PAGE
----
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Table Saw Update

 

 

Here's my old table saw.  I've had this thing for about ten years now.  It's underpowered and loud.  The worst thing is that it's really too small.  It looks like a standard Delta contractor's saw, but it's actually smaller than that.  Cutting big sheets is hard on a small surface.  So, I've decided to buy a new table saw.  I want one of those big cabinet saws!  That will be perfect.  I wonder what those cost?

[picking up a catalog] [flip] [flip]  Holy Cow.  $5,000!!!  Okay, new plan.  Maybe I need to just upgrade old faithful. 

Here's the plan.  I want a bigger work surface, so I'll be replacing my current table extensions with new larger panels.  And, I'll be adding a new, removable table extension to the back of the saw for better outfeed.  I'll use one of those new table extension wings as a router table too.  I'll probably do some other stuff, but that's start.  (And, much less money than a new $5,000 cabinet saw.)

 

   

10/4/12:  My table saw produces a staggering amount of saw dust.  Mountains.  Well, I needed to put an end to that.  A few hours with scrap plywood, glue and paint resulted in this custom dust collector.  My 4" vacuum hose easily attaches and now all the sawdust just disappears.

 

11/25/12:  The router table wing project begins.  . 

 
    To create a router table that's perfectly flat and very dense, it's built up from three layers of 3/4" MDF and wrapped in plywood.  A strong aluminum plate will hold my Bosch 1617 router.  The miter track is aluminum. 

     

11/29/12:  I managed to spend a little time in the shop this week and was able to build the under-table dust box.  This will surround the router and contain dust.  The fence will also have a dust collector and that debris will flow into this box through a 2 1/2" hose.  This box will be connected to my shop dust system through a 4" port in the very bottom of this box.  Lexan windows will let me keep an eye on what's going on inside.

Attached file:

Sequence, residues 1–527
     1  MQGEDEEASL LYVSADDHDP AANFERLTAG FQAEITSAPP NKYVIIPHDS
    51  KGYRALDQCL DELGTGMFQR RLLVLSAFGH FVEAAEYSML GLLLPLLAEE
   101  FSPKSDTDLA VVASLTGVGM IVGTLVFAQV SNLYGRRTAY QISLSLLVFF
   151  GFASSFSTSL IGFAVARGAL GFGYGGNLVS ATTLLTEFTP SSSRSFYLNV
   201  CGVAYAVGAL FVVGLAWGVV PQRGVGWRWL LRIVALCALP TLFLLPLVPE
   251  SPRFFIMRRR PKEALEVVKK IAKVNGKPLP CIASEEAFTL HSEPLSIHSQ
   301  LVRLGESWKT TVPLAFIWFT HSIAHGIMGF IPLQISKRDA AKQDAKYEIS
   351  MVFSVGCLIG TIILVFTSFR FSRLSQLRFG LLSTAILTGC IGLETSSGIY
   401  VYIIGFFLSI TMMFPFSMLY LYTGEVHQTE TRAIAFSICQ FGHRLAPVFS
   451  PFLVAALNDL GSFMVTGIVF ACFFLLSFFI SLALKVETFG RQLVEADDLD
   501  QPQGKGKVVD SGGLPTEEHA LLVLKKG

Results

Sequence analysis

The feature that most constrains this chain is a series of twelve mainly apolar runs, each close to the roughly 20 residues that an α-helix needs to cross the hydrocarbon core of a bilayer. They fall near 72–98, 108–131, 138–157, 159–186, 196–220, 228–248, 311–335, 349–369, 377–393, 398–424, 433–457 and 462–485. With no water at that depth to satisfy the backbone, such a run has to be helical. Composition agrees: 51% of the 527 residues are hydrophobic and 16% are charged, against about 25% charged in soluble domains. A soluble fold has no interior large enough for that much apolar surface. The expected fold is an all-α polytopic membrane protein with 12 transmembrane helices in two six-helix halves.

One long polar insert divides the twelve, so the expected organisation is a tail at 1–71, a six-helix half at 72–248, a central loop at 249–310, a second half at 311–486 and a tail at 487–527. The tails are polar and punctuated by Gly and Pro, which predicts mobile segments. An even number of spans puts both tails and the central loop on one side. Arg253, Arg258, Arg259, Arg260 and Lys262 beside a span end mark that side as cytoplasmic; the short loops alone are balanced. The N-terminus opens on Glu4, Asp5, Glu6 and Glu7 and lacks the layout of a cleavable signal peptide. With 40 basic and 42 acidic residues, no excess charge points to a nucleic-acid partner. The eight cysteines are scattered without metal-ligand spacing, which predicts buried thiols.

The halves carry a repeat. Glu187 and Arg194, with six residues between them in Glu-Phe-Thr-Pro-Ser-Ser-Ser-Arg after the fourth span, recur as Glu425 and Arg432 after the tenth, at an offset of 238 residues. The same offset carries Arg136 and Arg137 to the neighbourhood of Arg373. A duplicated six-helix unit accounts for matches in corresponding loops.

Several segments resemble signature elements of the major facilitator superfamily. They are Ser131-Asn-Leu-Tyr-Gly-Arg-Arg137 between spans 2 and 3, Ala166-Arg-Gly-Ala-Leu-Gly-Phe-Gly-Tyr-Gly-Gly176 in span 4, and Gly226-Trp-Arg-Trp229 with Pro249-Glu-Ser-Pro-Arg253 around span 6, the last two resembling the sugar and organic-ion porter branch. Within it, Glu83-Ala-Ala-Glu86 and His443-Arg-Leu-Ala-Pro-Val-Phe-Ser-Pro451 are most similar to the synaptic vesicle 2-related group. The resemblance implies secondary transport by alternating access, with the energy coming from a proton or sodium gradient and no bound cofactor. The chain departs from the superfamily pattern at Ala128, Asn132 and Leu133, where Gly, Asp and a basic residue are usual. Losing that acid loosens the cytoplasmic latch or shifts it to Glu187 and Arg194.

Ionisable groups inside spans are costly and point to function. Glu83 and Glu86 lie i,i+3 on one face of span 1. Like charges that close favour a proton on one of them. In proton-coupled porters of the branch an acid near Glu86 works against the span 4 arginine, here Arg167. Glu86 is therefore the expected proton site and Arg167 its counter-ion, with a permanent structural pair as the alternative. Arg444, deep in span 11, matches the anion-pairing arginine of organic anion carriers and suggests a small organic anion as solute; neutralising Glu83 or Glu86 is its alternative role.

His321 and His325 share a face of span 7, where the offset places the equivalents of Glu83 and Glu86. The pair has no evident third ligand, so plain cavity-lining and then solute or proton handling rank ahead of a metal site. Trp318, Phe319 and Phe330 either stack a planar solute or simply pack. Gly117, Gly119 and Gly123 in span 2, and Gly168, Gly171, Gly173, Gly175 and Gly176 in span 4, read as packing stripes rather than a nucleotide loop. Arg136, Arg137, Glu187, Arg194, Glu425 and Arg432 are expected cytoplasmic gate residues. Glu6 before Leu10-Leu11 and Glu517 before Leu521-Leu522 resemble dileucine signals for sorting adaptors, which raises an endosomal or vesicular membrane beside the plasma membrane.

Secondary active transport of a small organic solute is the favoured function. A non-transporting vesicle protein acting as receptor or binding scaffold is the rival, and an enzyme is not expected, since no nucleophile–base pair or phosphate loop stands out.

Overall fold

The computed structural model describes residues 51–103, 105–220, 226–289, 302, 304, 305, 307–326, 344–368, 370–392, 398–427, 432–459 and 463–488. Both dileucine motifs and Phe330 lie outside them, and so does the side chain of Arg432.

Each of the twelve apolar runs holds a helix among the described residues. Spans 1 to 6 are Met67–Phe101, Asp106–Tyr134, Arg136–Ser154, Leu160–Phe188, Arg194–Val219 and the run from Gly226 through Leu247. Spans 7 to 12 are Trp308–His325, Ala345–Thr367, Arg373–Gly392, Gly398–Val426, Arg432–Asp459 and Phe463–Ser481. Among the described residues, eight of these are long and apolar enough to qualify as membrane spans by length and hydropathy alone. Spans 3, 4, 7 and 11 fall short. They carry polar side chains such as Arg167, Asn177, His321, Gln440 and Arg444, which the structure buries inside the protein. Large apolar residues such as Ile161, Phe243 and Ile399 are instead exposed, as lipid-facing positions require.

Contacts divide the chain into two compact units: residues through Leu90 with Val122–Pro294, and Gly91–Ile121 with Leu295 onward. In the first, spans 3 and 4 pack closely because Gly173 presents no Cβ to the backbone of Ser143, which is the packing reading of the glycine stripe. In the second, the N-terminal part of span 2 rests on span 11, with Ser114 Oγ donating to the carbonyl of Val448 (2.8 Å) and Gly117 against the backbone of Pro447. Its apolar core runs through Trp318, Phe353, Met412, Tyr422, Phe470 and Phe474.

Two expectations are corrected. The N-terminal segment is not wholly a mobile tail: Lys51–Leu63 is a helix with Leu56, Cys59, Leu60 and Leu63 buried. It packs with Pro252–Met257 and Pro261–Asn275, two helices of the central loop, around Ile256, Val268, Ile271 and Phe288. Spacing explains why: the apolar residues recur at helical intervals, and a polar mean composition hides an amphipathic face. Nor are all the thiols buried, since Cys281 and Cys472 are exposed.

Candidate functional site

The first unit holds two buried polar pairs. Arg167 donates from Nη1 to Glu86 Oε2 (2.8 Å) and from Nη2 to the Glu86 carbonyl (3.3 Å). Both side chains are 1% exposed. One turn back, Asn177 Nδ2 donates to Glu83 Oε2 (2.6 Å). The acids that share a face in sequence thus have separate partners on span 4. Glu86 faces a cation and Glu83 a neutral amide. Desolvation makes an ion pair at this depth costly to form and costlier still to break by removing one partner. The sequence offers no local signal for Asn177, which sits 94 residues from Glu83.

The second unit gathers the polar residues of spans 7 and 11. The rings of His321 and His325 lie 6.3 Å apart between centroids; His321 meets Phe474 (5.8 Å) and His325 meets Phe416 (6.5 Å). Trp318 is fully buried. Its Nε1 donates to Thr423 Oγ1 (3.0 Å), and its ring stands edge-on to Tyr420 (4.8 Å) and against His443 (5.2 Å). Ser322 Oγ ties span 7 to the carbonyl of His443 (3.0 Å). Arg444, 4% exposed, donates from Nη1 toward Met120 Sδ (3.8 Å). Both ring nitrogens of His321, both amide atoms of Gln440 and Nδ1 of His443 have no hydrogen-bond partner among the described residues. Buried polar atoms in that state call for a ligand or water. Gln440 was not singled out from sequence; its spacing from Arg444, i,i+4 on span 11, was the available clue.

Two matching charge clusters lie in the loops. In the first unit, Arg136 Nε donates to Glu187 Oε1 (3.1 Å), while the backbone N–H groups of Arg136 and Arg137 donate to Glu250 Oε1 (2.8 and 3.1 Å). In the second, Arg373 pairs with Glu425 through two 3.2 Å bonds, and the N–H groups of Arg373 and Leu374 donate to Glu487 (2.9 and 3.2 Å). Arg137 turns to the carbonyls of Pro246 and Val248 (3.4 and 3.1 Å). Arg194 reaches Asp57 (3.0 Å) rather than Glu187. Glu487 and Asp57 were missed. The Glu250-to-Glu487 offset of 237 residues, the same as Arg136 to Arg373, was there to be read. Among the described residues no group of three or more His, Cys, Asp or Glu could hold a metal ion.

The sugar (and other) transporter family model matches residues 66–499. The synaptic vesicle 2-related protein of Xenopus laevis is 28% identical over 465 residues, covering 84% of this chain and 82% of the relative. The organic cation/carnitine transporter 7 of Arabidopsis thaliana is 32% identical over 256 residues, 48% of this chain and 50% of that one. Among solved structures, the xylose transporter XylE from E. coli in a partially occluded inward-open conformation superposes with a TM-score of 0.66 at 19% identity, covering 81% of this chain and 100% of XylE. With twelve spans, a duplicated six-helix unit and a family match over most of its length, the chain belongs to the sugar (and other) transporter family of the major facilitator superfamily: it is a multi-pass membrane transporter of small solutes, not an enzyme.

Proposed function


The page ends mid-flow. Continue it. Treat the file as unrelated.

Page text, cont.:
And, here's the new table saw router table.  That dust box is bolted to the saw's cabinet and this makes the whole thing quite sturdy.  Now, I need to get the router mounted and the fence built.

   

12/6/12:  More progress on the table saw upgrade.  Above are shots of the other table extensions under construction.  These are built from MDF with plywood bracing.  The top is covered with Formica that (somewhat) matches my iron saw table.

 

Here's my new expanded table saw work surface.  My little table saw is in the middle, but is now augmented by the three new extensions.  That back (outfeed) extension is removable and hangs on the wall behind the saw when not in use.  I also now have three usable miter tracks. 

My original table saw top work area was about 800 sq. inches.  Now, with all the extensions in use, I have 2,300 sq. inches.  That almost triples my table top surface and this will make working with big plywood sheets much easier.

   

The last step of the router table project is the fence.  It's built from MDF.  The face of the fence is an aluminum multi-track from Rockler.

    

Here she is.  The router table fence attaches to the table saw's fence.  When I'm not using it, it will probably hang on the wall somewhere.  The fence's dust port directs debris into that 2 1/2" hose that runs down to the under table dust box and then on to the shop's dust collector.  That aluminum track will let me attach accessories, like the combo bit guard / feather board shown.

     

1/26/13:  Here's my new crosscut sled.  The surface is about 36" X 22" and the fence is a full 48".  I've got numerous t-tracks inset to hold stop blocks, clamps and hold-downs.  Auxiliary fences will let me cut miters easily.  I routed a channel that holds a 1/4" sacrificial  throat plate.  This will let me insert replacement ply strips to enable zero-clearance cuts, even after future dado stack passes have opened up the cut slot.

 

       

11/2/13:  The power switch on this old table saw has always been trouble.  That's trouble with a "t" that sounds like "p" that stands for "poor design".  I replaced the thing twice with factory replacement parts and they'd just stop working after a while.  For years, I've just been plugging and unplugging the power cord at the wall to turn the saw on.  That's awkward and somewhat dangerous.

So, I bought this heavy duty switch from Bench Dog.  It's got a safety switch that prevents it from being 'knocked' on accidentally.  I can't figure out why I waited so long to fix this problem.

 

 

Speaking of safety issues, I now have this great push block.  My Dad gave it to me for my birthday.   It's the GRR-Ripper push block system from Micro Jig.  You can read up on it here.

This push block has a grippy rubber base that allows the user to push a wood piece through a table saw or past a router bit with greater accuracy and safety.  I really like all my fingers and this may just help me to keep all of them.